Twenty One Day Committment and ADD

I have an organizing client with ADD who teaches at a local college and has an extremely busy schedule with classes and teacher meetings throughout the winter, spring and summer terms.

Last August, the two of us set up an easy and effective, well labeled and color coded filing system so she could keep her course material, handouts and articles, as well as her testing and student files organized. Feeling good about our accomplishment with the filing system, we parted. My client excited to put the system to use, and me glad that she was set up to have a great and organized year.

This August I got a telephone call from her asking me for help. In a panic, she said to me, “I have piles of paper on my desk and the table next to it, and I don’t know where to begin filing everything. And, classes begin in two weeks!” I asked her if she’d used the new filing system that we’d set up last August, and sadly, she hadn’t. September classes had begun; she became overwhelmed, and didn’t file anything all year.

It’s not unusual for someone with ADD to have really good intensions, but not be able to carry through with them. About one out of 20 people in the US have ADD/ADHD and only 15% have been diagnosed. Some signs of ADD/ADHD include; clutter, lots of piles, procrastination, overwhelm, incomplete projects, not paying attention, unfinished paper work, and jumping from one project to another. Creativity, resourcefulness, hyper-focus or persistence and new ways of solving problems are some other signs.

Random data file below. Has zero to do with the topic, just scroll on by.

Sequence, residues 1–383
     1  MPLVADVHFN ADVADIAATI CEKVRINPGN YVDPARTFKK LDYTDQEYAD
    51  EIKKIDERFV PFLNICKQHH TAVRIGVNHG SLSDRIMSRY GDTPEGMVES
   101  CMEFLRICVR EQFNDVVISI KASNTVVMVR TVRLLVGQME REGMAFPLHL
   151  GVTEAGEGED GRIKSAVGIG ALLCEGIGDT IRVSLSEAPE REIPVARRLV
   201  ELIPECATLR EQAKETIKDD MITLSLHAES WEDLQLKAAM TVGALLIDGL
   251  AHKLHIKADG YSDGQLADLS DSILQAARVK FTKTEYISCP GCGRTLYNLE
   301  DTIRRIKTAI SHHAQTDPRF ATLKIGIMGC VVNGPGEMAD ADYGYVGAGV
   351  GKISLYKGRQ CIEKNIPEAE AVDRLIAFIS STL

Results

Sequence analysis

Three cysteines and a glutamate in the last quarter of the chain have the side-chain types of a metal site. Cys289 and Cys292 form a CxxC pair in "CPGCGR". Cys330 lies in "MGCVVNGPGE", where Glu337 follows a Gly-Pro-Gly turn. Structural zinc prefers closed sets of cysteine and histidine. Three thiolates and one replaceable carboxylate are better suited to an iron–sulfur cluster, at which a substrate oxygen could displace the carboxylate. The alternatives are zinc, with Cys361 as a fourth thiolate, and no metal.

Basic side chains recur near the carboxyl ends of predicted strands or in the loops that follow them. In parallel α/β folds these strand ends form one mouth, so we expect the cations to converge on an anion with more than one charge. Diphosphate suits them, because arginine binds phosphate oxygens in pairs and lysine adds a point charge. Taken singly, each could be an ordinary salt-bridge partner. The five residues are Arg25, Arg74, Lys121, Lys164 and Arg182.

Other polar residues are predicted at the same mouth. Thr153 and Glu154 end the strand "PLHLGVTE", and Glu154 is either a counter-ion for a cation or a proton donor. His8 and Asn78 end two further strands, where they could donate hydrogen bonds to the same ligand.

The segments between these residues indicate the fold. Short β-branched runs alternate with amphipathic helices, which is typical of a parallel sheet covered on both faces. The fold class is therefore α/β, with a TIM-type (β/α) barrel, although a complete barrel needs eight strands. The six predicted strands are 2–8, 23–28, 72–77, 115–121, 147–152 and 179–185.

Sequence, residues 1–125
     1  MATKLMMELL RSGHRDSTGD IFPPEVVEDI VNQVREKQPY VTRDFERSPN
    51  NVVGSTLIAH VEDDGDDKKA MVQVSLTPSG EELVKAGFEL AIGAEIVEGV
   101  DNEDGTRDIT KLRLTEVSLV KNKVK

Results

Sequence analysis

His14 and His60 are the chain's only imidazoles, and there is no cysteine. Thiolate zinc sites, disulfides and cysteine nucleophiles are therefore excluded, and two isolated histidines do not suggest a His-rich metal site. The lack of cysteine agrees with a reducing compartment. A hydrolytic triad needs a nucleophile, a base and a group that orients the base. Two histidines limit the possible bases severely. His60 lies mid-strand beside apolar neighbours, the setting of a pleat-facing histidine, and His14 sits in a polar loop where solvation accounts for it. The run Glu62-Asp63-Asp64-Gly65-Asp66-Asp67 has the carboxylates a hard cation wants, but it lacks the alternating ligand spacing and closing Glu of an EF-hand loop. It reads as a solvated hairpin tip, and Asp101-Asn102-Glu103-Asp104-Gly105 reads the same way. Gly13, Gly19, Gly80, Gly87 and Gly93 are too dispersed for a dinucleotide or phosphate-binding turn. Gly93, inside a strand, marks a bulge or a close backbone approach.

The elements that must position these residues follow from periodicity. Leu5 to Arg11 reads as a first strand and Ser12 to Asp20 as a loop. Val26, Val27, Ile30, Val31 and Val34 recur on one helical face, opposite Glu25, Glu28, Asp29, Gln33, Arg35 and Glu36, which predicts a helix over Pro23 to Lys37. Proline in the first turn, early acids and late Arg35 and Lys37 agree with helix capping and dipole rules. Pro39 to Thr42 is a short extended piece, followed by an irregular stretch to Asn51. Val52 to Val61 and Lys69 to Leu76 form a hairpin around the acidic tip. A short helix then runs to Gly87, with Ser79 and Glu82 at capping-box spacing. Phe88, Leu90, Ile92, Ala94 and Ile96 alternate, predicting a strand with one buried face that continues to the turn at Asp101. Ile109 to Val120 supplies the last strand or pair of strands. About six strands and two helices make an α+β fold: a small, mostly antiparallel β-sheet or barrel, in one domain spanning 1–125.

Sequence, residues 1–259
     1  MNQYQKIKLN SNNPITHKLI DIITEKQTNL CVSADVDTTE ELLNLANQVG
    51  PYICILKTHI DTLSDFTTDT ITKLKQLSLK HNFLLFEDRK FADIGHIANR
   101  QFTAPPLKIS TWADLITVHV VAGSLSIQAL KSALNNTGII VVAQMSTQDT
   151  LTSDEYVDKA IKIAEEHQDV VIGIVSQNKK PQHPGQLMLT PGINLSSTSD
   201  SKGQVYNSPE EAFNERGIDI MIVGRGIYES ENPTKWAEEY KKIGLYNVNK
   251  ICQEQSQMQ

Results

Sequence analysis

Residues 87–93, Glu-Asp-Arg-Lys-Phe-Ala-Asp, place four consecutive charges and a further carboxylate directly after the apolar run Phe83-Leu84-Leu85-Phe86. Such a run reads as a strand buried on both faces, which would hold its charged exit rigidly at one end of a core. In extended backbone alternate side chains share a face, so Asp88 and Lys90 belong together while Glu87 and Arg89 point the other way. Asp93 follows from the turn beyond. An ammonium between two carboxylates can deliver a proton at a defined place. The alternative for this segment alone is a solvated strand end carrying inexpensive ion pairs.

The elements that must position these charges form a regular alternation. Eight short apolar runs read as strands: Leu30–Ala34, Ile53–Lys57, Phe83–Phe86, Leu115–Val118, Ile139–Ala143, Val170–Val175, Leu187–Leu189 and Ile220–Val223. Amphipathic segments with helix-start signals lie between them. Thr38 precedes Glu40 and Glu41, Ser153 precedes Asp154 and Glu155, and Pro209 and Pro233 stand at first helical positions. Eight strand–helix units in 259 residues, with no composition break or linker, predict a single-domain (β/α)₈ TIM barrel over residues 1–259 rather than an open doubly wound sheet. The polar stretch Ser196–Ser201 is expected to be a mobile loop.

So, I met with my client and we organized the piles for her to file before classes began. She came up with a brilliant idea to help her do her filing. She wanted to try the 21 day habit plan. According to behavioral psychologists, it takes 21 days of consistently repeating an activity before your mind accepts it as a habit. Whatever you do for 21 days makes or breaks a habit. Then I suggested that she email me when classes began, every day for 21 days to let me know she’d done her filing every day. And, I’d email back each day to acknowledge her progress. So far, day # 4 and she’s on a roll. I’m keeping my fingers crossed, and hope she’s successful with this endeavor.

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